Block on Trump's Asylum Ban Upheld by Supreme Court
The First Circuit partly affirmed a lower district ruling ordering Zhong H. Chen and his wife Chu H. Ng to hand over business and financial records pursuant to the Bank Secrecy Act, the federal act intended to pry open records relating to possible overseas financial criminal activity.
The case highlights the tensions between the right against self incrimination and the government's need to review documents under the Required Records Doctrine.
The defendants in this case were Mr. Zhong H. Chen and his wife, Mrs. Ng. In 2011, the IRS served Mr. Chen a summons to appear for an interview with an IRS agent to produce decus tecum various documents pertaining to his finances and bank accounts held overseas.
While he attended the interview, Mr. Chen refused to answer any questions and asserted his Fifth Amendment against self-incrimination. He also refused to produce the requested documents. The government later petitioned the Massachusetts federal district court to enforce the production of those documents. In response, Chen asserted a Fifth Amendment claim against his act of production, not the documents themselves.
Bank Secrecy Act
The government attempted to gain access to the documents by citing the Bank Secrecy Act, first enacted in 1970. The principle thrust of the act was to ferret out white collar crime and other individuals using foreign bank accounts for illicit means, both criminal and civil. Hidden within the text of the act is the rule that account holders must maintain records of all foreign bank accounts and maintain such records for government eyes for a period of up to five years.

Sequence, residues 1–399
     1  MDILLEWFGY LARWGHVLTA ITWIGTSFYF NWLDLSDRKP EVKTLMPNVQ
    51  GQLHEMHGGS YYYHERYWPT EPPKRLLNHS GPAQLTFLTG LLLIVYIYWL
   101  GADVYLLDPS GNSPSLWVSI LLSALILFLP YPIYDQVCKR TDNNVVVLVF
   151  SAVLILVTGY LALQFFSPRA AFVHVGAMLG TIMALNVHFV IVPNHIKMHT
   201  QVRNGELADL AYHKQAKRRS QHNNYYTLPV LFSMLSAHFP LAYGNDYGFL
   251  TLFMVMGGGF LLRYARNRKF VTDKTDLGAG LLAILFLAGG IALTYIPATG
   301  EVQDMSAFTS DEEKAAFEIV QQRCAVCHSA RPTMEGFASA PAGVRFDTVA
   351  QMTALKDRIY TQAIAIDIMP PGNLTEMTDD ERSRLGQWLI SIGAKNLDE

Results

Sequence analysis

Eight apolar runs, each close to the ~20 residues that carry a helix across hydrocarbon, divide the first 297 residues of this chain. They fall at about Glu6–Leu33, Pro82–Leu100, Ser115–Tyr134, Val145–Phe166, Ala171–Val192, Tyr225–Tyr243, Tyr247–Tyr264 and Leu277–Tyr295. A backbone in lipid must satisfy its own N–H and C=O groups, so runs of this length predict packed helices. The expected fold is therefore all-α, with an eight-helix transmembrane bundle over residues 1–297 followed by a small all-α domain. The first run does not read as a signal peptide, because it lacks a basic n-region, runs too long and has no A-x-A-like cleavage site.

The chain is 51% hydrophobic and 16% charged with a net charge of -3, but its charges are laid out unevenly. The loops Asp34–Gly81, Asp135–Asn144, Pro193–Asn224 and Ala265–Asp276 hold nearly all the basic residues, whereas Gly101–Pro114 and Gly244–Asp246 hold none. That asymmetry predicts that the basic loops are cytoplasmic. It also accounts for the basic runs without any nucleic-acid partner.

Required Records Doctrine
The issue of whether or not Mr. Chen actually kept or maintained such required records hardly seemed to be the primary issue. Most critically at issue was whether or not he his asserted Fifth Amendment objections to producing any extant records was trumped by the Required Records Doctrine. The Doctrine deals with the following question: can the government force an individual to hand over documents and records whose maintenance is required as a condition of engaging in a highly regulated activity? The answer is a resounding "yes."
The First Circuit did not create a split and agreed with all the other circuits. Chen had tried to justify the non-production of his records on the idea that their revelation would have "criminal implications."
So what? the court said. In fact, courts have routinely relied on the doctrine to obtain forced records where disclosure carried very real chances of "criminal implications." Mr. Chen could not have his cake and eat it too. Since his maintaining of a foreign bank account clearly implicated the BSA, he was required to keep thorough records of his activities. The Fifth Amendment would not trump the requirement that he hand those papers over.